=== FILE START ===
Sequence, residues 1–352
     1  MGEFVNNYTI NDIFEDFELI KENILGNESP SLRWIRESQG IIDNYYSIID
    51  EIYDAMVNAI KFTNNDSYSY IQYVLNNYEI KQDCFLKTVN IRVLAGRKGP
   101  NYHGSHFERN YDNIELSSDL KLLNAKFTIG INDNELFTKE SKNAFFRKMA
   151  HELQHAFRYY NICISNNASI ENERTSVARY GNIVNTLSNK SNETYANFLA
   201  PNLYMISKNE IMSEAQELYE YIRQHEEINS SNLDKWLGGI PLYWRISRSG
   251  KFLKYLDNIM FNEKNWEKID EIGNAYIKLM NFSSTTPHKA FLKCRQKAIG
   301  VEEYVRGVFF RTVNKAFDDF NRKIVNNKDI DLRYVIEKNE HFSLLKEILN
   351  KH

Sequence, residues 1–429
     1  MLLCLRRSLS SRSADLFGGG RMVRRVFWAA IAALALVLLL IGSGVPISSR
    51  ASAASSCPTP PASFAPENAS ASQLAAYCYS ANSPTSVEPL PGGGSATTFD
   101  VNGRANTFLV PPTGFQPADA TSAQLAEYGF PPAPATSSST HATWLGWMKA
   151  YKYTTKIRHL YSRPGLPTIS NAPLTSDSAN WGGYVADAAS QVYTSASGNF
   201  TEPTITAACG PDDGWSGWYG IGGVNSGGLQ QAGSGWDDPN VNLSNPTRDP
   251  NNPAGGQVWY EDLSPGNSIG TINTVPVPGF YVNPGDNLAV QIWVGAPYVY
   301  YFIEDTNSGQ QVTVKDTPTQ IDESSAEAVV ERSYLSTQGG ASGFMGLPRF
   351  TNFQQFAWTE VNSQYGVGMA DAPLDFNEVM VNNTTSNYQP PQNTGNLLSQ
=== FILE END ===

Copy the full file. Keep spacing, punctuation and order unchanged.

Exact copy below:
Sequence, residues 1–352
     1  MGEFVNNYTI NDIFEDFELI KENILGNESP SLRWIRESQG IIDNYYSIID
    51  EIYDAMVNAI KFTNNDSYSY IQYVLNNYEI KQDCFLKTVN IRVLAGRKGP
   101  NYHGSHFERN YDNIELSSDL KLLNAKFTIG INDNELFTKE SKNAFFRKMA
   151  HELQHAFRYY NICISNNASI ENERTSVARY GNIVNTLSNK SNETYANFLA
   201  PNLYMISKNE IMSEAQELYE YIRQHEEINS SNLDKWLGGI PLYWRISRSG
   251  KFLKYLDNIM FNEKNWEKID EIGNAYIKLM NFSSTTPHKA FLKCRQKAIG
   301  VEEYVRGVFF RTVNKAFDDF NRKIVNNKDI DLRYVIEKNE HFSLLKEILN
   351  KH

Sequence, residues 1–429
     1  MLLCLRRSLS SRSADLFGGG RMVRRVFWAA IAALALVLLL IGSGVPISSR
    51  ASAASSCPTP PASFAPENAS ASQLAAYCYS ANSPTSVEPL PGGGSATTFD
   101  VNGRANTFLV PPTGFQPADA TSAQLAEYGF PPAPATSSST HATWLGWMKA
   151  YKYTTKIRHL YSRPGLPTIS NAPLTSDSAN WGGYVADAAS QVYTSASGNF
   201  TEPTITAACG PDDGWSGWYG IGGVNSGGLQ QAGSGWDDPN VNLSNPTRDP
   251  NNPAGGQVWY EDLSPGNSIG TINTVPVPGF YVNPGDNLAV QIWVGAPYVY
   301  YFIEDTNSGQ QVTVKDTPTQ IDESSAEAVV ERSYLSTQGG ASGFMGLPRF
   351  TNFQQFAWTE VNSQYGVGMA DAPLDFNEVM VNNTTSNYQP PQNTGNLLSQ